The Telegraph
Since 1st March, 1999
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VAT in north versus rest

New Delhi, April 24: Finance minister Jaswant Singh is under pressure from party colleagues to disassociate himself from value-added tax, which 16 state finance ministers have decided to introduce from June 1.

Worried that they will suffer in crucial Assembly polls because of the Centre’s tacit support for the tax measure, BJP leaders want the finance minister to state in Parliament that he favours a delay since none of the major northern states is willing to join.

“Their main contention is that allowing VAT to be introduced in this form would create a north-versus-rest of the country divide,” top finance ministry officials said.

All the eastern and southern states and the two biggest western states — Maharashtra and Gujarat — are going ahead with VAT. These 16 states account for 75 per cent of the country’s output and 80 per cent of its market.

However, Delhi, Rajasthan and Chhattisgarh have decided to delay introduction of VAT till after the Assembly elections later this year.

Punjab and Uttar Pradesh have decided they will bring in the new tax measure only after neighbouring Delhi does, as they would end up losing revenue otherwise.

The finance minister is under pressure from BJP leaders in Delhi and Rajasthan, including Vijay Kumar Malhotra and Madan Lal Khurana, as well as from party chief Venkaiah Naidu. But most crucially, from deputy Prime Minister L.K. Advani who made his point to Singh in an informal meeting last week. Advani and Naidu have argued the trader lobby is the BJP’s oldest and most loyal support base and it would be disastrous to alienate it through a sudden change in tax measures.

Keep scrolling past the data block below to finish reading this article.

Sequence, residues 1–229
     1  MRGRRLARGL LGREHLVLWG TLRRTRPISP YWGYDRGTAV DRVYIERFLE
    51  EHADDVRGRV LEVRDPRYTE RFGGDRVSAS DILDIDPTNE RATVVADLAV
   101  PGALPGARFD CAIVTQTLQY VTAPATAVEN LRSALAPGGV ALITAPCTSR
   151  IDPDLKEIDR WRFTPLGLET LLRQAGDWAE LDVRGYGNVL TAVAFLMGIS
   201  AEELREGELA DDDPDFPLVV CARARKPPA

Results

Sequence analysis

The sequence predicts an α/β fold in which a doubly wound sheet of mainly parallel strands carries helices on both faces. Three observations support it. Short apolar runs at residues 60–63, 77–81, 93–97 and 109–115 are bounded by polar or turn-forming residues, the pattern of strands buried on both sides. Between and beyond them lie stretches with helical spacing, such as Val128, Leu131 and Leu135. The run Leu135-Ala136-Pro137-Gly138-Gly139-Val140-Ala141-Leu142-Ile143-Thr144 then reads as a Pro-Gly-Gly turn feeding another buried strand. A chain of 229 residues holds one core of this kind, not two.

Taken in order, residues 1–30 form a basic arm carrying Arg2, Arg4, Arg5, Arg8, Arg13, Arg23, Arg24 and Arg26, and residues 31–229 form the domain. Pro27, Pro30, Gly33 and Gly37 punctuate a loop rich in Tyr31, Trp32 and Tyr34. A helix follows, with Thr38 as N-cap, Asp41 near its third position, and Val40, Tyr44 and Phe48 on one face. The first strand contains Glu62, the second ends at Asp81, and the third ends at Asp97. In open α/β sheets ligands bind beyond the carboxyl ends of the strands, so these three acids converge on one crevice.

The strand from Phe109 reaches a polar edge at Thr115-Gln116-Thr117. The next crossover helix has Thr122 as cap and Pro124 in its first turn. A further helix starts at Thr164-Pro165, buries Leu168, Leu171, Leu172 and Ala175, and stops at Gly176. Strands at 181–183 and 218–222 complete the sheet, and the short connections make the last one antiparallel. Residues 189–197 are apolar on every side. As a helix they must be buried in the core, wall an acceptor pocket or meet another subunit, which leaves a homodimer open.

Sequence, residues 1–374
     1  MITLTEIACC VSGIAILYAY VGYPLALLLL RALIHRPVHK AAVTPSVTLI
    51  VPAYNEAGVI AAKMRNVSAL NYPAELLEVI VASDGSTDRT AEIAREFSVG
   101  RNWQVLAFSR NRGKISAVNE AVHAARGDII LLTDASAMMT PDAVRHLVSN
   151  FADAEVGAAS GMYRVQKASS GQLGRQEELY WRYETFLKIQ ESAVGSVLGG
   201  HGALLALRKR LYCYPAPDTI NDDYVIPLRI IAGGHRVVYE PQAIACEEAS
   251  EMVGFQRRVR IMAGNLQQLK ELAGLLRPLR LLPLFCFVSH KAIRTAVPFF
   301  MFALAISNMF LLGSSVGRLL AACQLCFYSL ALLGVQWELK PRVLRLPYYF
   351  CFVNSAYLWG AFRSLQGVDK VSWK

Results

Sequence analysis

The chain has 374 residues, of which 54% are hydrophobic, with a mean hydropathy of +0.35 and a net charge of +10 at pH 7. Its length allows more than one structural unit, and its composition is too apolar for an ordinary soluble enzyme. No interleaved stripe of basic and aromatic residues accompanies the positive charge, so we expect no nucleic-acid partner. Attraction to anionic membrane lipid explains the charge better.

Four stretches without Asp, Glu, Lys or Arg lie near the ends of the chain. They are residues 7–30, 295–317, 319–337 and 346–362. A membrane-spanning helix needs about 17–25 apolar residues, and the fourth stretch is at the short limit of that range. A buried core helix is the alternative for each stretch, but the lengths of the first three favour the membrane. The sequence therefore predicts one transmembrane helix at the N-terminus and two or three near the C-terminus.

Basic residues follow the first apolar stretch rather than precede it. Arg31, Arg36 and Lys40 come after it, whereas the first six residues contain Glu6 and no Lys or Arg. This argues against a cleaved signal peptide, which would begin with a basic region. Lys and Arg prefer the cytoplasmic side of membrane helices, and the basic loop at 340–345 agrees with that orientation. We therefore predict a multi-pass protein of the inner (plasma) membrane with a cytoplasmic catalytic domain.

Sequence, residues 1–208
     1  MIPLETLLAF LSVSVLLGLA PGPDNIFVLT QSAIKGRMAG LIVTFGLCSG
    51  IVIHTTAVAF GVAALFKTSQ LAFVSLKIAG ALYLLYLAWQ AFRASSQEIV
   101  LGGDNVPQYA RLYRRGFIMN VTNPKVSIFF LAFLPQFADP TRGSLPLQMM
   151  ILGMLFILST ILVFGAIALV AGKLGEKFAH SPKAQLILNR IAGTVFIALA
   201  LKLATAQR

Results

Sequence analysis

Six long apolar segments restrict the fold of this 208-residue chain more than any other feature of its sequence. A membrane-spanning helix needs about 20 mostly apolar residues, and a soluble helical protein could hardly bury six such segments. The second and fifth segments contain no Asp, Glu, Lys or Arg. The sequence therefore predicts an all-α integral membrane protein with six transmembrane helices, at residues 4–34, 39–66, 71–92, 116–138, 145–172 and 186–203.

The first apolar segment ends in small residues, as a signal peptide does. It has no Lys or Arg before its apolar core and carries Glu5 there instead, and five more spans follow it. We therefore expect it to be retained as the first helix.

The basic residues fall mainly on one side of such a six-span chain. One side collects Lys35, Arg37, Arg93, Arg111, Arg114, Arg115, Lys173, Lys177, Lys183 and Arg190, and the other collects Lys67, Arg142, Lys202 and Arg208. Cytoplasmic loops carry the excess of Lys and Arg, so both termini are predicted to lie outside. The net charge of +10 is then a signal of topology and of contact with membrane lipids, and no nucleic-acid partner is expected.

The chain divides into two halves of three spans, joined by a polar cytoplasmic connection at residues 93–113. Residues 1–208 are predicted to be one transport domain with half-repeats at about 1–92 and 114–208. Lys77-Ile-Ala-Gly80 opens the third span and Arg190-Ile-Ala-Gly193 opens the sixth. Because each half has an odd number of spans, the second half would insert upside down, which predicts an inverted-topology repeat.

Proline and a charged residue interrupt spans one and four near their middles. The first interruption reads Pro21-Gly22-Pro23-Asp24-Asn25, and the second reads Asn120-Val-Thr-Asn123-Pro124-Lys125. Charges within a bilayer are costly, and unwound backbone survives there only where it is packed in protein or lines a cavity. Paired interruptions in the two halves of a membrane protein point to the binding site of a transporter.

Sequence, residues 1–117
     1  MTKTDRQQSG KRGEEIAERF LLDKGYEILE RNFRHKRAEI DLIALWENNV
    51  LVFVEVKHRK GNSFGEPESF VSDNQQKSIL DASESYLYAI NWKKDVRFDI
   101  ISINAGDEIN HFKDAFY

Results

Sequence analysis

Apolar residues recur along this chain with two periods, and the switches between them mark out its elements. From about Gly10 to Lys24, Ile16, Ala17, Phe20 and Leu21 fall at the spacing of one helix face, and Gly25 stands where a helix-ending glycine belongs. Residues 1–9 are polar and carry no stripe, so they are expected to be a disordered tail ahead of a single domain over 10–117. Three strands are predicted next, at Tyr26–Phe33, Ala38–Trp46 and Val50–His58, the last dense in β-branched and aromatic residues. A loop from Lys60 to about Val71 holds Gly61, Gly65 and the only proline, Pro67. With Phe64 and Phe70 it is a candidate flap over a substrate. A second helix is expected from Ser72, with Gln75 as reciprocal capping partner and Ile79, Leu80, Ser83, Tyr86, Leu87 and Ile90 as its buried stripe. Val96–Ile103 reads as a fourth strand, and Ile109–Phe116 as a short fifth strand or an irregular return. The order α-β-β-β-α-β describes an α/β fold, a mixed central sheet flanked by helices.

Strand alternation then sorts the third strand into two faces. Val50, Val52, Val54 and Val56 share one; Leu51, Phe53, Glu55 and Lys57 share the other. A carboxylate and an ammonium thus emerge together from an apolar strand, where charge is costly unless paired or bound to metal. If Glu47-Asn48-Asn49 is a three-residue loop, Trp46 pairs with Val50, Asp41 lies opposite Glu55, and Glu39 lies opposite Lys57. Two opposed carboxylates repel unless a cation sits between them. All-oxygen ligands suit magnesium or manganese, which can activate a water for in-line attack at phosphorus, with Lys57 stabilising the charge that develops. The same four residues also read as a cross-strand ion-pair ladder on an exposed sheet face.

For Singh, accepting the party line would not only mean a loss of face but also reneging on a promise he has made to Asim Dasgupta, West Bengal finance minister and chairman of the empowered committee on VAT, to push through the measure.

Singh’s help is crucial as he is to pilot a Bill giving states the right to tax certain goods and services and to give shape to the nationwide VAT. He is also the man who holds the purse strings from which states are to get compensation for losses they are likely to suffer for introducing VAT.

Dasgupta has already given in to pressure from Singh, BJP chief ministers and his own party to reduce tax on medicines from 12.5 per cent to 4 per cent, tax life saving drugs at zero per cent and grant relief to traders with an annual turnover of up to Rs 40 lakh.

Dasgupta had at a meeting with other state finance ministers decided that to blunt the traders’ agitation, he would let traders who earned between Rs 5 lakh and Rs 40 lakh pay a nominal 1 per cent turnover tax. Earlier, this facility was open only to traders earning between Rs 5 lakh and Rs 25 lakh.

He had earlier also announced that those earning less than Rs 5 lakh would not come under the ambit of any tax at all.

“These are major concessions and were made mainly because Singh had requested Dasgupta to bring in norms which were more trader-friendly,” senior finance ministry officials said.

Singh’s aides are worried that going back totally on VAT would be the third “rollback” for the Union finance minister, after the failed attempts to increase urea prices and to bring the powerloom sector under the tax net.

Singh has always been conscious that he should not turn into a figure of ridicule like his predecessor Yashwant Sinha, who was dubbed Rollback Sinha by the media and his rivals.

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